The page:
Teaching receptive skills

30.04.2020
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There are two main types of lessons we teach: language and skills (receptive or productive) lessons. Language lessons can be taught using different approaches (e.g., PPP, TTT, Text-based approach, Guided discovery, etc.). It all depends on the students’ level, teachers’ preferences, materials and other factors. Skills lessons usually have one framework. In this article, I’ll talk about receptive skills, sub-skills and lesson framework. 

There are different approaches to teaching receptive skills, but frequently macro-skills are broken down into micro-skills or subskills which we develop or practise in class. Let’s revise some typical and common reading and listening sub-skills:

  • activating schemata (predicting. Read more in this article.)
  • reading/listening for gist (skimming). Students read a text quickly, skim it or listen to audio to get a general idea of it.
  • reading/listening for specific information (scanning). Students scan a text or listen to audio to find out certain information: dates, numbers, names, etc.
  • reading/listening for detail (intensive). Students read or listen attentively to comprehend a text or audio fully.
  • inferring attitude. Students read a text or listen to audio and try to understand what the narrator, author or speaker think about the topic, their opinion, point of view.
  • inferring the meaning of unknown words

This list isn’t limited, but it’s important not to confuse skills with strategies. For example:

  • predicting the content using non-linguistic information
  • looking up the words in the dictionary
  • using non-linguistic visual clues

Reading and Listening activities can be used for developing reading or listening skills or focusing on the language. They can also be used for both purposes. When working on skills themselves there can be 2 aims:  either to develop or test the receptive skills. When teachers test skills, they usually only give questions to check comprehension of the text or audio. When teachers develop skills, they try to improve their reading and listening skills and sub-skills, not assess. There are two main approaches to developing receptive skills: holistic and segmental. When teachers use a holistic approach, they improve listening/reading skills by providing lots of authentic listening and reading practice and being facilitators of the learning process; they don’t focus on sub-skills and strategies. Whereas, when teachers use a segmental approach, they focus on developing sub-skills and strategies.  The segmental approach can be skills-based or text-based. In a skills-based lesson, one sub-skill is focused on and practised through several texts or audios. In a text-based lesson, we use only one text and develop several sub-skills using it. The latest is more common and wide-spread in class.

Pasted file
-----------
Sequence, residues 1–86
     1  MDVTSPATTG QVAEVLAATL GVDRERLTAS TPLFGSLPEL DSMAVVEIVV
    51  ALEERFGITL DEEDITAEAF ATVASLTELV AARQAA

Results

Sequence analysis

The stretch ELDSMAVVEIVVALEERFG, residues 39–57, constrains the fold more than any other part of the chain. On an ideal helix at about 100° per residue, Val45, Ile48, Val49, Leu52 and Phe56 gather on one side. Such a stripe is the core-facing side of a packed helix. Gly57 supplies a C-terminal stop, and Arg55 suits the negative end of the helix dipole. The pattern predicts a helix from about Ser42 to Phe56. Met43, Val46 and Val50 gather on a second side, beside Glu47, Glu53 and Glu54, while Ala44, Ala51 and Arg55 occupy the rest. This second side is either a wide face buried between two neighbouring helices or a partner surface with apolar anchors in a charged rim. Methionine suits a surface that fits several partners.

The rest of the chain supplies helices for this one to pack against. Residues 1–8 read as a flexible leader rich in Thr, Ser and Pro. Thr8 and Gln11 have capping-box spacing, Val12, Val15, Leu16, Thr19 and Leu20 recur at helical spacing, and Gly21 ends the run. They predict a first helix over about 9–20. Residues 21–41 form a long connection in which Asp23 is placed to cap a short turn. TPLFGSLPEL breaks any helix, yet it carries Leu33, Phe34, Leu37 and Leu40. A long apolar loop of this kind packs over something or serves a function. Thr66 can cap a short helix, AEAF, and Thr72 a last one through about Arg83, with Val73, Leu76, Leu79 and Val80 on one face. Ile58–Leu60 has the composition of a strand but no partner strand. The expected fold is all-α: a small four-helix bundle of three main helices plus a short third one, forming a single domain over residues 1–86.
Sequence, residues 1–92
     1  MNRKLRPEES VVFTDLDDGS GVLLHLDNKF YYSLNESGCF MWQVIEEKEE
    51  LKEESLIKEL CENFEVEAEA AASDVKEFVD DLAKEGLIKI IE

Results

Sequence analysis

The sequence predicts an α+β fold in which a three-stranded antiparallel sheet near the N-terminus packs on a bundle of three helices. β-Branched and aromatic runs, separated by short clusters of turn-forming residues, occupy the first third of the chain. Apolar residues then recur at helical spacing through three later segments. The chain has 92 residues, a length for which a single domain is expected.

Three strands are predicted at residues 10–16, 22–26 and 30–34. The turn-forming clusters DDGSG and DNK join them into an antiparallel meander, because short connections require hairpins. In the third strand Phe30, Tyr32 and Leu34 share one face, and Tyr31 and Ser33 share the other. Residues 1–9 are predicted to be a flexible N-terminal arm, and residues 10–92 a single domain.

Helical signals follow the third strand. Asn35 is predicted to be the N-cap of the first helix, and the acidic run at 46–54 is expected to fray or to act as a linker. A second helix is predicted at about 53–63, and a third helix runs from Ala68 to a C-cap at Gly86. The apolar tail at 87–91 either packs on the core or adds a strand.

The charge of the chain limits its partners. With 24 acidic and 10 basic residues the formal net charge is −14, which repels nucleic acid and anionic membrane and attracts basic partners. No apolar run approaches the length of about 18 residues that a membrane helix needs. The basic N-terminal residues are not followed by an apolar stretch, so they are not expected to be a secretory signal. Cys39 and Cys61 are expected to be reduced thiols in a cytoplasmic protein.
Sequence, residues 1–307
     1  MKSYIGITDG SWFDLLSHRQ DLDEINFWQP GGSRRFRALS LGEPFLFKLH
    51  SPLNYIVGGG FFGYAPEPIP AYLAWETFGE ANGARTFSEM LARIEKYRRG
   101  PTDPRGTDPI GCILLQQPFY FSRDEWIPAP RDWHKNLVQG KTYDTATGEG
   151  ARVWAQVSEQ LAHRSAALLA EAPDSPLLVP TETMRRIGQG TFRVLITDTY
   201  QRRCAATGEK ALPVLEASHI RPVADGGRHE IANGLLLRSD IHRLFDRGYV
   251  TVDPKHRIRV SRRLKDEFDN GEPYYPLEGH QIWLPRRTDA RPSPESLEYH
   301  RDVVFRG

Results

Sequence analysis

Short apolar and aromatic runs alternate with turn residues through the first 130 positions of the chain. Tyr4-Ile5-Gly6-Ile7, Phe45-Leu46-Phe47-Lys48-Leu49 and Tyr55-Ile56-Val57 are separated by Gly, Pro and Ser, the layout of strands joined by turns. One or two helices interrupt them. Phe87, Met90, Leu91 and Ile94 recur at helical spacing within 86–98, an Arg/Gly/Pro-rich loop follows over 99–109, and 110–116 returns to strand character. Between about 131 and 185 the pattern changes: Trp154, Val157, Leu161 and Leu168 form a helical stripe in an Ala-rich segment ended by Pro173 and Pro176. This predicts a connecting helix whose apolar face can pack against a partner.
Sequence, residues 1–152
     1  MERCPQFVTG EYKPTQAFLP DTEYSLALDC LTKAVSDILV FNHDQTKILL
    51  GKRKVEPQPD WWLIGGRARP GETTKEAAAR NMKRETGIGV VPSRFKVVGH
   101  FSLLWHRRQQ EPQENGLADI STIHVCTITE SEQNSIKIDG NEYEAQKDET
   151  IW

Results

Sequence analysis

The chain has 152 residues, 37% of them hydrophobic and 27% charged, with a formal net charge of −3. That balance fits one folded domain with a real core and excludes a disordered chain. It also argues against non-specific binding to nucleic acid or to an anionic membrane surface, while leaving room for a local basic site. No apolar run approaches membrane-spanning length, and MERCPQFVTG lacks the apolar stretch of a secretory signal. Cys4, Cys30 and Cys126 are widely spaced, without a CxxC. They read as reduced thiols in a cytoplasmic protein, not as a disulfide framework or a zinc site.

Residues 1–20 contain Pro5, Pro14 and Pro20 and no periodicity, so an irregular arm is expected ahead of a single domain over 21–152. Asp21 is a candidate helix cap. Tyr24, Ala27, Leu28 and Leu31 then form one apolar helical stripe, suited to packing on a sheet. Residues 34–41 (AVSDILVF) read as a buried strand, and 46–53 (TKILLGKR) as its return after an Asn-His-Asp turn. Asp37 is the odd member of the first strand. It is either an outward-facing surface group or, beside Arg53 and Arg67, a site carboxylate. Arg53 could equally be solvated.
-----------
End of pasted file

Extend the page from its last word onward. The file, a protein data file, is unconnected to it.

Now, we’ve revised some sub-skills and approaches and can move to the framework itself.

The basic framework for receptive skills is the following:

  1. Activate schemata, provide the context and lead into the topic of the lesson. For example, set a discussion about the topic you’re going to listen to or read the text about; or brainstorm ideas students have about it. Discuss the advantages and disadvantages of being an only child or having brothers, sisters.
  2. Pre-teach key vocabulary. Don’t clarify all the new words, but only those they’ll need to do the next task. That’s called blocking vocabulary. For example, the words they need to know to understand and answer the question. Let’s say the question is “How does this affect the writer?”, you’ll probably need to pre-teach the word “affect”.
  3. Set a gist task to have learners understand the general meaning of the text or audio.  For example, “Read or listen and say what it’s about”.
  4. Have the students read quickly or listen to the audio and do the task. Then, ask them to check in pairs. Finally, get feedback from the learners.
  5. Set an intensive task to have learners find specific or detailed information, infer the attitude, etc. For example, hand out questions or statements where students have to choose if they are true or false. 
  6. Have the student read or listen more attentively and do the task. Play the whole track twice if necessary, or you can play certain parts for the third time. Then, ask students to check in pairs. Finally, get feedback.
  7. If necessary, use the text for further language work (focus on vocabulary, grammar, functional language). If you have a reading task, you may highlight the target vocabulary or grammar structures. If you have a listening task, you the script. Then, for example, ask students to match the words, phrases with the definitions. For grammar structures, you can give guided discovery questions.

I hope now it’s become more clear how to teach receptive skills, sub-skills, strategies and what lesson framework is usually used.

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